With apprenticeships and vocational learning being designed by employers to meet the needs of their industry, there is a clear path into employment and an option for the learner to continue their studies.
That sounds like a bold statement, however, I believe it is a sound one.
It is true that employers have invested significant time and resources in the development of apprenticeships through the formal process known as ‘Trailblazers’. It is also true that during this process they identified the knowledge, skills and behaviours that an apprentice needs to succeed in the role as laid out in the apprenticeship standard.
It is also true that apprenticeships are not the only method of vocational training and combined they offer the learner the opportunity to continue their development whilst in the workforce. If compared to gaining further education where employment is not normally given and in the case of degrees, significant course fees and living expenses are incurred. The increased use of vocational training seems to be an obvious choice. That is of course, provided there is a clear route to success and progression through a career.
That is clear and defined within the recruitment industry as the Institute of Recruitment Professionals (IRP) has developed a clear career routeway that shows the development required from someone joining the industry right through to the lofty heights of a business director. The entire purpose of the IRP is to aid the individual development of its members and their careers.
As an ex-recruiter myself, I heard many people say that they ‘fell into recruitment’ from a previous career, however, the indications are now that recruitment is clearly a career of choice. I can understand why, there are so many reasons to be a recruiter and so many opportunities to develop in a career that employs over 100,000 individuals directly. The recruitment industry turnover in the 2017/18 tax year was £35.7 billion. It is responsible for the placement of over 1,020,000 temporary and contract placements every day, as well as 1,142,000 permanent placements per year.*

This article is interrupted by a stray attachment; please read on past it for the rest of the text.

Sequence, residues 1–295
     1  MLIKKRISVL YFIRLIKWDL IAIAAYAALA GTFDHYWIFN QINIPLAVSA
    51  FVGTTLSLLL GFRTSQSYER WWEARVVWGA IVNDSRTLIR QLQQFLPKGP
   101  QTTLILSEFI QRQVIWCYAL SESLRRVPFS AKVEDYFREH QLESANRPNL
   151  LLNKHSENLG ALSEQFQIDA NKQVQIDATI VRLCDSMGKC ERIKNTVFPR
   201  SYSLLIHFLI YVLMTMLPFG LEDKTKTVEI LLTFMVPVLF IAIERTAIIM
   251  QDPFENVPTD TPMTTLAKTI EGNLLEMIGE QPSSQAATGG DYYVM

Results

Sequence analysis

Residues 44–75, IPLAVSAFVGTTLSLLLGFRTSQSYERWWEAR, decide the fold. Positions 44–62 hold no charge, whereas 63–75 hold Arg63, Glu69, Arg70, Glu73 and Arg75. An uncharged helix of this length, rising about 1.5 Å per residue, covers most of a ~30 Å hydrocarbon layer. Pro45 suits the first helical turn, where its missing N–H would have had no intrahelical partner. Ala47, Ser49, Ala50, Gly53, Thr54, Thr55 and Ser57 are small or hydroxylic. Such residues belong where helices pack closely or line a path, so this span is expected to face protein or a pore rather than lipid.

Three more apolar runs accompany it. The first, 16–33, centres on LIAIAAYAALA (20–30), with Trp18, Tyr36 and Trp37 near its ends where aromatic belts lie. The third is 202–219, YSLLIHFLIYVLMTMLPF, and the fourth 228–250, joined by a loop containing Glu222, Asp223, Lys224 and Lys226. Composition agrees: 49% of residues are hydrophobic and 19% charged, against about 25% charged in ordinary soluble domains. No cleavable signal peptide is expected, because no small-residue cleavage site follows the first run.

Many people choosing to join the recruitment industry are finding that not only does their job have the personal satisfaction of helping a candidate find a new job and therefore feeding into the stats above, but also that the rewards and development are second to none. As a whole, the industry realises that it needs good people within it to manage the ever-changing demands placed upon it. The legislative changes that come about through governmental policy changes require the needs of vocational learning to constantly update knowledge and skills to ensure that a recruiter operates in line with best practice and compliant with legislation. These are not achievable through a one-off degree or FE course that the recruiter does not engage with after their course. They can only be achieved through vocational learning and development, through CPD and organisation like the IRP and personal development through a structured career routeway.
So, as you can tell, I believe the recruitment industry is an ever-changing and exciting industry to work in that has many benefits and is showing itself to be a true career of choice to a more discerning workforce.
* Statistics provided by the REC Recruitment Industry Trends 2017/18 research
The Institute of Recruitment Professionals (IRP) is the representative body for individual recruiters and resourcing specialists. We represent over 11,100 individual members who deliver the UK’s recruitment services. Becoming a member of the IRP means that you are a recognised recruitment professional and allows you to use designatory letters after your name. All IRP members must abide by the IRP Code of Ethics and Professional Conduct.